Psalm 34:1 - 10, 22
<Of David, when he feigned madness before Abimelech, so that he drove him out, and he went away.> I will bless the LORD at all times; his praise shall continually be in my mouth.
 2 My soul makes its boast in the LORD; let the humble hear and be glad.
 3 O magnify the LORD with me, and let us exalt his name together.
 4 I sought the LORD, and he answered me, and delivered me from all my fears.
 5 Look to him, and be radiant; so your faces shall never be ashamed.
 6 This poor soul cried, and was heard by the LORD, and was saved from every trouble.
 7 The angel of the LORD encamps around those who fear him, and delivers them.
 8 O taste and see that the LORD is good; happy are those who take refuge in him.
 9 O fear the LORD, you his holy ones, for those who fear him have no want.
 10 The young lions suffer want and hunger, but those who seek the LORD lack no good thing.

 22 The LORD redeems the life of his servants; none of those who take refuge in him will be condemned.

Psalm 34 reads like a song that the great multitude can sing during its worship of the Lord.  Though the note about David faking “madness” before a foreign king (note: not Abimelech but Achish in 1 Samuel 21:13; there is a priest named Ahimelech earlier in the chapter) puts the psalm in a different context.

1 John 3:1 - 3
1See what love the Father has given us, that we should be called children of God; and that is what we are. The reason the world does not know us is that it did not know him. 2Beloved, we are God’s children now; what we will be has not yet been revealed. What we do know is this: when he\ is revealed, we will be like him, for we will see him as he is. 3And all who have this hope in him purify themselves, just as he is pure.

“See what love the Father has given us…”  How has this love been given to us?  Your answers may vary, but I would point to the cross and the sacraments.  The baptized are God’s children NOW, not just some time in the future.  While we do not know what life in the Kingdom of God at the end of the age will be like, we trust that we will be a new people, a resurrection people.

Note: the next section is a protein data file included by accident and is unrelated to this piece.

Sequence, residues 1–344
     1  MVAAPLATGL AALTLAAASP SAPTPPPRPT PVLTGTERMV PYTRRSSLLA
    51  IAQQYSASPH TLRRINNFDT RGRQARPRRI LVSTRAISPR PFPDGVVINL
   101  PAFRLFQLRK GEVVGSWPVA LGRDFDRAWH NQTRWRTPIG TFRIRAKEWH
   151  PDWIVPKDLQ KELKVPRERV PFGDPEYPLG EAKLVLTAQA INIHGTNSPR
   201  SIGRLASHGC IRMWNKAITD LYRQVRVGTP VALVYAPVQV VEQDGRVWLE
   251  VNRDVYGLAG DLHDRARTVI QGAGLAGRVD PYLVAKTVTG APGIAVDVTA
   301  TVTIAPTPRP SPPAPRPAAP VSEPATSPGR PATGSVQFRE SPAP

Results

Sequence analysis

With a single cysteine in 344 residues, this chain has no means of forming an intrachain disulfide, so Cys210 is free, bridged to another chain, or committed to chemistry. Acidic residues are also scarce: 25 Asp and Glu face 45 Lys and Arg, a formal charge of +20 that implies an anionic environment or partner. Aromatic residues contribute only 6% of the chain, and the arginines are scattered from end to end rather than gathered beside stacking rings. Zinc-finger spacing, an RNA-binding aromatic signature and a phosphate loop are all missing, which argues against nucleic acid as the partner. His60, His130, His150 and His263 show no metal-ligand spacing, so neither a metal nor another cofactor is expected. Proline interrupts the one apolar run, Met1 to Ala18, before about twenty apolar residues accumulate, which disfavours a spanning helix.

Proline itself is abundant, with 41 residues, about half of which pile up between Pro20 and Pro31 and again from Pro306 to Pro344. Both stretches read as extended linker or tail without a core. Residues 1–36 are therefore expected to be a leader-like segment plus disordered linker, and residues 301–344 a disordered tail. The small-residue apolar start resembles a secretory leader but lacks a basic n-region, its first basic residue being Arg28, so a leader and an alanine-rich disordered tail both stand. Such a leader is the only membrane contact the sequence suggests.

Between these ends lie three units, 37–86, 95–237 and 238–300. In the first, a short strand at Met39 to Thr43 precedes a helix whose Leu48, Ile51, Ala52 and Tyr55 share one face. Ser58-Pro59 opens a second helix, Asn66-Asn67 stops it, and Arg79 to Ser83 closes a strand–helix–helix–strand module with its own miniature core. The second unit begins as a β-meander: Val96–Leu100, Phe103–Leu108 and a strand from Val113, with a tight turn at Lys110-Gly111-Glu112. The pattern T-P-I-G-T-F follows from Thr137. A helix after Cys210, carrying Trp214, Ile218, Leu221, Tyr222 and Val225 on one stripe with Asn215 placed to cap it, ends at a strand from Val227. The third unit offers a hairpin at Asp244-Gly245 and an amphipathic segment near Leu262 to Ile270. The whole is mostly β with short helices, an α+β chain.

Matthew 5:1 - 12
1When Jesus saw the crowds, he went up the mountain; and after he sat down, his disciples came to him. 2Then he began to speak, and taught them, saying:
  3“Blessed are the poor in spirit, for theirs is the kingdom of heaven.
  4“Blessed are those who mourn, for they will be comforted.
  5“Blessed are the meek, for they will inherit the earth.
  6“Blessed are those who hunger and thirst for righteousness, for they will be filled.
  7“Blessed are the merciful, for they will receive mercy.
  8“Blessed are the pure in heart, for they will see God.
  9“Blessed are the peacemakers, for they will be called children of God.
  10“Blessed are those who are persecuted for righteousness’ sake, for theirs is the kingdom of heaven.
  11“Blessed are you when people revile you and persecute you and utter all kinds of evil against you falsely on my account. 12Rejoice and be glad, for your reward is great in heaven, for in the same way they persecuted the prophets who were before you.”

The Beatitudes is a wonderful passage.  Including it on All Saints Sunday assumes that the “blessed” are the saints of the Church.  But this seems to draw a line in the sand, dividing us into the “blessed” and those who are on the outside looking in.  If we are not poor, in mourning, meek, hungry/thirsty for righteousness/justice, merciful, “pure in heart,” peacemakers, persecuted, or reviled, are we a part of the Church?  What does this say to American congregations, many of which do not fall into these categories?